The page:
The other views of the same cube in 1 point perspective imaging case can be got by moving the observer. If the imaging plane stays same (=in parallel with the front surface of the cube) the result is still 1-point perspective image.
1-point perspective imaging of a cube can be reversed - one can easily find a cube, an imaging plane and the placement of the observer (=the station point) which produce the given perspective image.
To solve your problem you should find the cube, station point and imaging plane which fit into your existing 1-point perspective image.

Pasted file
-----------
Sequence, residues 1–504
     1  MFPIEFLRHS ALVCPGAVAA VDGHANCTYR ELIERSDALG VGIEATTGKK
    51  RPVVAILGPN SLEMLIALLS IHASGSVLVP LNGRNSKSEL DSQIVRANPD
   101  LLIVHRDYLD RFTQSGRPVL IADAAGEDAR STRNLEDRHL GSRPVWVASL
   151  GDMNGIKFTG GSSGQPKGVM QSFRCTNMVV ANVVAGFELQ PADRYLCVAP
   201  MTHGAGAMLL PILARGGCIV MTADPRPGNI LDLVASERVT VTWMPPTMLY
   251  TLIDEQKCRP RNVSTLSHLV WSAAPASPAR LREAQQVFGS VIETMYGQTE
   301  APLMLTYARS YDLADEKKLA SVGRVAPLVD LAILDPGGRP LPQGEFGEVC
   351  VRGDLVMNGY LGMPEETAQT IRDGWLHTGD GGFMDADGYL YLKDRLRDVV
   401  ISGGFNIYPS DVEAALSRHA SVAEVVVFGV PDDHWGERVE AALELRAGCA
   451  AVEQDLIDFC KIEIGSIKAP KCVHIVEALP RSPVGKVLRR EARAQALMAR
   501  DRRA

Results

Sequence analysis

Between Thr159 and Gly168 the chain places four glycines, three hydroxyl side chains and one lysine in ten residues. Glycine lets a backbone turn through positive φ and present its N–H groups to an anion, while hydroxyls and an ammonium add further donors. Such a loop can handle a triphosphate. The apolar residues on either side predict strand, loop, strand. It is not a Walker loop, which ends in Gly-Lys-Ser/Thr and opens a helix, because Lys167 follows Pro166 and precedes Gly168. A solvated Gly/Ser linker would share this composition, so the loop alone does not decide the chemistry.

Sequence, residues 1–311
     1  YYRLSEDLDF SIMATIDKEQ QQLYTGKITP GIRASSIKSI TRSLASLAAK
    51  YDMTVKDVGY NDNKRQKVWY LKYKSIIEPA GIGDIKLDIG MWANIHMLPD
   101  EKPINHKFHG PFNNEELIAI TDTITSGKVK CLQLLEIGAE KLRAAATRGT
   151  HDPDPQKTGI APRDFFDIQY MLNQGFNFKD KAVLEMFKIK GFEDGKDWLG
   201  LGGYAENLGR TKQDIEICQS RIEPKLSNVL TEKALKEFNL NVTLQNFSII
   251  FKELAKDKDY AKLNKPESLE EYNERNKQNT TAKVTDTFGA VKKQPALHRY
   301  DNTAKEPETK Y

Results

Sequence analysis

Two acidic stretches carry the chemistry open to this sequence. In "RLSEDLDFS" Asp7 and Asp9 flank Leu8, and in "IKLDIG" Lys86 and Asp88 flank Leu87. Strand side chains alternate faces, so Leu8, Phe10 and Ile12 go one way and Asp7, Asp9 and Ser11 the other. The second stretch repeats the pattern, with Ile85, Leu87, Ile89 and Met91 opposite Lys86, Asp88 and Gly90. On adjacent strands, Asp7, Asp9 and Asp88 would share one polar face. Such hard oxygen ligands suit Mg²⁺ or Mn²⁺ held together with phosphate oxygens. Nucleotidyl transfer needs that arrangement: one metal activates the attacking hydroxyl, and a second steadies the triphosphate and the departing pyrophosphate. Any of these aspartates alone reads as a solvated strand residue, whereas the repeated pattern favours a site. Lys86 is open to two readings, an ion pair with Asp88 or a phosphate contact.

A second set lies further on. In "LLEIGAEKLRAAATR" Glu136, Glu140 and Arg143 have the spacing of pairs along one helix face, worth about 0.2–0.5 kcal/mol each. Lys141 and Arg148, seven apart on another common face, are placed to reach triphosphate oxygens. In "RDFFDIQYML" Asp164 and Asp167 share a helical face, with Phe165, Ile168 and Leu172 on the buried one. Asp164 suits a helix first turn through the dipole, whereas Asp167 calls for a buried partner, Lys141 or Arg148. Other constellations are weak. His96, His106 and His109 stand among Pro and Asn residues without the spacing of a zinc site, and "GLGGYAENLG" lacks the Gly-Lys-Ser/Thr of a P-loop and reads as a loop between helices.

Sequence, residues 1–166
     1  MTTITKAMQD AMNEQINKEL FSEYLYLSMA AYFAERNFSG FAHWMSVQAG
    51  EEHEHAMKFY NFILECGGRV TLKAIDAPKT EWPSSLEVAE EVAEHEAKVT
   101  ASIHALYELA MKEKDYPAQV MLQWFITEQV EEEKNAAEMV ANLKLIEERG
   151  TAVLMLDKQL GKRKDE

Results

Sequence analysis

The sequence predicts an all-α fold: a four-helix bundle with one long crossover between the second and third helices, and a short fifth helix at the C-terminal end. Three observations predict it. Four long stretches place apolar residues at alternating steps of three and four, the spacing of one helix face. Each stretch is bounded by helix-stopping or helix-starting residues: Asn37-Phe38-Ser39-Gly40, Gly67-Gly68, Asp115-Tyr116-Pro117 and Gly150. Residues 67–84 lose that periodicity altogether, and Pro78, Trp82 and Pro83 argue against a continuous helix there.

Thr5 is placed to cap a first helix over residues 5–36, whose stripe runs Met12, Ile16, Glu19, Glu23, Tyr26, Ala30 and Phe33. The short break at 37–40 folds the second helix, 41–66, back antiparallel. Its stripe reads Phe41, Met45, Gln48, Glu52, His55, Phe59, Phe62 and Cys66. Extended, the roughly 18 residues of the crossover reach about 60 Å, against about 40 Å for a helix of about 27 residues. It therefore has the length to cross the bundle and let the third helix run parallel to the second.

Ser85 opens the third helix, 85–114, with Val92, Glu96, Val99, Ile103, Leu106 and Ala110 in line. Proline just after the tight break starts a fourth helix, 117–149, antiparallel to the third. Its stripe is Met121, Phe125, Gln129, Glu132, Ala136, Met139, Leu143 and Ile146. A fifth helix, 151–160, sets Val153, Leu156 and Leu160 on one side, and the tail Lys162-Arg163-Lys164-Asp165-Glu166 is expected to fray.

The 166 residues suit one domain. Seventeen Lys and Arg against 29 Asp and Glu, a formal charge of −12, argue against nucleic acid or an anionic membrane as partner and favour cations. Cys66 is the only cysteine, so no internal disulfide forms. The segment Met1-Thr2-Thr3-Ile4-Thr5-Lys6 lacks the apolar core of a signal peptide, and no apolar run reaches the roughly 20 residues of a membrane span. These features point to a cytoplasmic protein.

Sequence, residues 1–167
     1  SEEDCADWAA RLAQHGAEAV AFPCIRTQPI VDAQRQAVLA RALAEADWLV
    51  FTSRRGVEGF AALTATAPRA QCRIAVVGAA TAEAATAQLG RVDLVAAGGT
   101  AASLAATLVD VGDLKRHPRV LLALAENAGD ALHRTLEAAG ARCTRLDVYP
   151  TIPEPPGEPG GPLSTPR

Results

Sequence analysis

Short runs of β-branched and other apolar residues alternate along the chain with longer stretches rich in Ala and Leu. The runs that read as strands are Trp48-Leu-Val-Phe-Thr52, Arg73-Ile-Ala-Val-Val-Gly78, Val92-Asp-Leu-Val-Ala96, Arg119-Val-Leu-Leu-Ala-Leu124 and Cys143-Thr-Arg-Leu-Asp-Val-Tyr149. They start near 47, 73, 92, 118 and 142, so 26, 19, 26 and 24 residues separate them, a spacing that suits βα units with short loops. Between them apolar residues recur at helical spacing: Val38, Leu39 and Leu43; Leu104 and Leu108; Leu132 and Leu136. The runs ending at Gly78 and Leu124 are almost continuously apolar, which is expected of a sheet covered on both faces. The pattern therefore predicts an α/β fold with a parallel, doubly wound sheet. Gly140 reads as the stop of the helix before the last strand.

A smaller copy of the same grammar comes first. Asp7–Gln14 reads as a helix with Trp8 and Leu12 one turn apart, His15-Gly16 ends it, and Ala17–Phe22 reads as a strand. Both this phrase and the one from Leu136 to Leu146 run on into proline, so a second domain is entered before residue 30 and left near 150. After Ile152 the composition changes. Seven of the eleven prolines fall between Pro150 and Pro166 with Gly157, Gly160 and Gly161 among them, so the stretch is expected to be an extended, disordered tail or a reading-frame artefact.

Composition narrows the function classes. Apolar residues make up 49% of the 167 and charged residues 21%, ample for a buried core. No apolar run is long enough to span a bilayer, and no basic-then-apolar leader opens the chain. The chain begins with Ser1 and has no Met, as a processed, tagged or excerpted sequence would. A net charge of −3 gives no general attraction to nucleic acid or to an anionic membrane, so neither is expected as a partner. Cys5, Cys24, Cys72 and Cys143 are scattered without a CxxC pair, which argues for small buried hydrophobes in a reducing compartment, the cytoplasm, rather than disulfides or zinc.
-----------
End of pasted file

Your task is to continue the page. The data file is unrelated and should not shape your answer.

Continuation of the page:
You have some freedom, perspective imaging isn't one-to-one math mapping. To keep everything simple you can assume the imaging plane is the front side of the cube.
Then you change the station point or the place of the cube and draw the new perspective image by inserting lines of sight.
A couple of methods to reverse 1-point perspective imaging of rectangular shapes are shown in this older case, where the questioner wanted to remove perspective and find the proportions of the original rectangles: Finding proportions in perspective